Monday, April 27, 2009

Over-view and Follow-through

Five and a half years ago, we said farewell to a long-term and well-liked pastor at our church. While we looked for a new pastor, we had the part-time services of an interim pastor. Then the new pastor arrived and we were impressed with quality of the Sunday morning services and the sermon. There were lots of creative ideas. But it soon became apparent that the every-day functions of the parish were being neglected. The new pastor spent 30 hours a week on the sermon and only six hours a week in the office. When we offered to help with mundane tasks like compiling an email list, we heard, "I'll take care of it." But we soon learned that when we heard that phrase, nothing further would happen.

We have a functional and capable congregation, and we independently carried on with most of the important activities. But things were slowly going downhill. The new pastor was asked to resign, and we once again had the services of an interim, a retired pastor who was experienced and energetic, but only worked half-time.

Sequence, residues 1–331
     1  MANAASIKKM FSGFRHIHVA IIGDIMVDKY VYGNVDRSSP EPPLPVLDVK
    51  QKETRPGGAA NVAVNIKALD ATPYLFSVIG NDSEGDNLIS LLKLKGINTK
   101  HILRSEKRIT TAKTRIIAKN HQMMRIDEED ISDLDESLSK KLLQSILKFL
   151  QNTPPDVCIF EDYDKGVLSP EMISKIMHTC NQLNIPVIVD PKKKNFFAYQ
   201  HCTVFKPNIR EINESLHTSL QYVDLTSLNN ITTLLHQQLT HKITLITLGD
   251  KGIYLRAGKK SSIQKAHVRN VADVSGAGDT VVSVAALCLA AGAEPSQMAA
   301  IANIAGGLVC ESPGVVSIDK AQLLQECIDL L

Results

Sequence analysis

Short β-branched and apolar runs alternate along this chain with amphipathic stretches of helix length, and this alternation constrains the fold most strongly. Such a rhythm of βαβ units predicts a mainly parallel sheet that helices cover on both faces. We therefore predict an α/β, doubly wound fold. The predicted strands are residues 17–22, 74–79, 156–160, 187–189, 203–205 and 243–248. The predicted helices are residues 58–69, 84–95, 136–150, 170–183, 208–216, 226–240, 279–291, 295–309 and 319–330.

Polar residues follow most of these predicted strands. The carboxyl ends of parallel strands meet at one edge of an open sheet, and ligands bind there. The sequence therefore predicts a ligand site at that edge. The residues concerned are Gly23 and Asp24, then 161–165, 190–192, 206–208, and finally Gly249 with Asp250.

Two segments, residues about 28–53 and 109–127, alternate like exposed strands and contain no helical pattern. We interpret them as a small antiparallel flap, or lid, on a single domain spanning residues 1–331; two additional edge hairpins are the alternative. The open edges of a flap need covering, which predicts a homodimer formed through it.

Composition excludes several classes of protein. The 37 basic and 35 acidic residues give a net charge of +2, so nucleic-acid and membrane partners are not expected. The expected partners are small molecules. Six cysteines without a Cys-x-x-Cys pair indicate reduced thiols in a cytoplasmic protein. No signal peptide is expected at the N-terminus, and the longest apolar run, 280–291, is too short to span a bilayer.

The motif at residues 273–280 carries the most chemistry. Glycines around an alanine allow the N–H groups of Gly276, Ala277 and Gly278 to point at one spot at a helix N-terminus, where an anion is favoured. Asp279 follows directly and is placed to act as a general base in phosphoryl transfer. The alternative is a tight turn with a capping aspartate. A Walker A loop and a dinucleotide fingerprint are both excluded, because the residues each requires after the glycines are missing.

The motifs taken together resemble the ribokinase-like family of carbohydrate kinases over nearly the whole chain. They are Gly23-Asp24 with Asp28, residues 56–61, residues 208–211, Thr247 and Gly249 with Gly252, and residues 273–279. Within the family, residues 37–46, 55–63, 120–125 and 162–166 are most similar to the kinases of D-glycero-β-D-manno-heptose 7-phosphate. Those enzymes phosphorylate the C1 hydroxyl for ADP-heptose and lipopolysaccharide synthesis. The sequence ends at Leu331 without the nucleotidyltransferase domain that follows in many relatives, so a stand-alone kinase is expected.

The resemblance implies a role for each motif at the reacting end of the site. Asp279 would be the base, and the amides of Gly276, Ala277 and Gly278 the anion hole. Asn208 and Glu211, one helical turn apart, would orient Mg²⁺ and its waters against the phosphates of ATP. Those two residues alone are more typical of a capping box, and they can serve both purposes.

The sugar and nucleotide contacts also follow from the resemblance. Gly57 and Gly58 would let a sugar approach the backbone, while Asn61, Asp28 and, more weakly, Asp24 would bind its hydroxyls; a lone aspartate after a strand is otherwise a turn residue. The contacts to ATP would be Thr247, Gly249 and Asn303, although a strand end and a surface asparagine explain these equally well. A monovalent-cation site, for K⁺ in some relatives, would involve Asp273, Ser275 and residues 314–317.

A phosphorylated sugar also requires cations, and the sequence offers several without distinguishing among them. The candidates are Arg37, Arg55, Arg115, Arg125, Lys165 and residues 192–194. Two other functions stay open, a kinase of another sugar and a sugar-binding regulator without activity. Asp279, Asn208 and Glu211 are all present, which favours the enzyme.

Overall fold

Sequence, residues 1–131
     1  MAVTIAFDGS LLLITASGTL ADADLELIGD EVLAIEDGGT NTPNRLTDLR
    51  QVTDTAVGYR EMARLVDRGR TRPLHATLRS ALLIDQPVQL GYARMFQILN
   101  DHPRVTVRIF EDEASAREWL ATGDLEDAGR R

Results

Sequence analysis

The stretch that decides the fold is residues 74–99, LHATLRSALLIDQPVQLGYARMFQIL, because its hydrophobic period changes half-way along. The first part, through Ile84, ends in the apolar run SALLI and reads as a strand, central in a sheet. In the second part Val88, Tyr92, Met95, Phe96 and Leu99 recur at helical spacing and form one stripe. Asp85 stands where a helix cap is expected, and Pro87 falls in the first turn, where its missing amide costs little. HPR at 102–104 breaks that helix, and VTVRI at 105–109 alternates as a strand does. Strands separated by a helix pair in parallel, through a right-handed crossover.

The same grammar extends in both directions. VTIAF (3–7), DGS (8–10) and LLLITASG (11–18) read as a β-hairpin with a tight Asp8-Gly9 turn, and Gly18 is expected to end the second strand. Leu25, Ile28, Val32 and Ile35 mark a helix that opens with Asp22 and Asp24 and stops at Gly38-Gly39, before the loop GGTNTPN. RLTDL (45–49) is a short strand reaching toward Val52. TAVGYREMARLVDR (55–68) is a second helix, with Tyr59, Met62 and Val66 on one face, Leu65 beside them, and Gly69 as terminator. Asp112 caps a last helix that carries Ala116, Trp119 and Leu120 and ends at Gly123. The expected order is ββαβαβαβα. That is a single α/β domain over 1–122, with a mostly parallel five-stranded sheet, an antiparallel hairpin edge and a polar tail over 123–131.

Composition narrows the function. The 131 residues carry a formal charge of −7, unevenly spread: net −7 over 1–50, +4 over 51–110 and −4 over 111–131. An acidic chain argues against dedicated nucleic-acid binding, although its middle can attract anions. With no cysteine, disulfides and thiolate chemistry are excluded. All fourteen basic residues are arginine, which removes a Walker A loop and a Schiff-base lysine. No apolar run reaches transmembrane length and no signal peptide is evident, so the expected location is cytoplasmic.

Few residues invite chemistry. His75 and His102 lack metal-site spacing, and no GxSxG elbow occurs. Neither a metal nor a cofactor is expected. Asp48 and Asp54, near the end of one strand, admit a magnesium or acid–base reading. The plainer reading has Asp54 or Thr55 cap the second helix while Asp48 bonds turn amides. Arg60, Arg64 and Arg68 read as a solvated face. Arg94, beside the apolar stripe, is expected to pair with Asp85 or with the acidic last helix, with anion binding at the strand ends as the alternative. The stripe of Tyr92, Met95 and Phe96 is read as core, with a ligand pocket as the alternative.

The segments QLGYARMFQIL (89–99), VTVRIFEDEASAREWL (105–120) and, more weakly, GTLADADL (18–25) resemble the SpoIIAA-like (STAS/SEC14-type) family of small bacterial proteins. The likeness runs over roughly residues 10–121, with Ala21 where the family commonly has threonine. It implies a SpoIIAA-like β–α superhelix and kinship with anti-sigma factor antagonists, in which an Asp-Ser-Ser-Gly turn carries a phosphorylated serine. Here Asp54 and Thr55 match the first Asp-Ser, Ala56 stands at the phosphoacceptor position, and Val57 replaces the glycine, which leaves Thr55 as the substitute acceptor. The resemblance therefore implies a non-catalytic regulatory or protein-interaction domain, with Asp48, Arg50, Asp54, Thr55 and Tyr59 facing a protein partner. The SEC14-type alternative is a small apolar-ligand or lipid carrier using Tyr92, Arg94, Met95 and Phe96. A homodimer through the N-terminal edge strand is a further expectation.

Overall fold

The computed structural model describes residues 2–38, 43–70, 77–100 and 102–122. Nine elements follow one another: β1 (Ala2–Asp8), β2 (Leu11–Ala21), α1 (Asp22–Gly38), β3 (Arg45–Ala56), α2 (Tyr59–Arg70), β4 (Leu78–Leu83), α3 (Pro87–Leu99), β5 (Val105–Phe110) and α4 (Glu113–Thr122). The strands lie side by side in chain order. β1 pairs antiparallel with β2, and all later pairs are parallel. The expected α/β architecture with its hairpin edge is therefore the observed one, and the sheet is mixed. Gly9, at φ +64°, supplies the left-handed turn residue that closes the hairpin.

Then though an unexpected turn of events, our old pastor returned. At first he seemed tense and tired. But now, after nine months, he's up to speed, relaxed and happy, and so is the rest of the congregation.

I've thought a lot about the qualities we want in a pastor. The spiritual and theological functions are, of course, primary. But administrative abilities are also very important. The congregation now benefits from a leader who can delegate but who also knows what's going on, and a person who gently but persistently keeps everyone moving toward a goal.

Over-view and follow-through.


There's one more quality that I've recently come to appreciate: constant tweaking. The Pastor is never satisfied to keep things the way they are; he is continually evaluating, molding, and reshaping the way we do things.

The best analogy for this style of leadership is that of a Master Gardener who can make a grand landscape plan, but who can also make sure everything is growing well, is watered, free of pests and weeds. And when a plant doesn't thrive or when it reaches the end of its life-span, it's replaced with something that will do better in that spot. As trees mature and light and shade patterns change, the whole plan is reevaluated and restructured to fit the current situation.

Over-view, follow-though, and tweaking.


Anonymous Anonymous said...

A congregation is also responsible for the quality of its pastor. There is a symbiotic relationship that exists between a particular pastor and a particular congregation. Both can bring out the worst, or in this case, the best in each other.

You are lucky to have each other.

11:22 PM  

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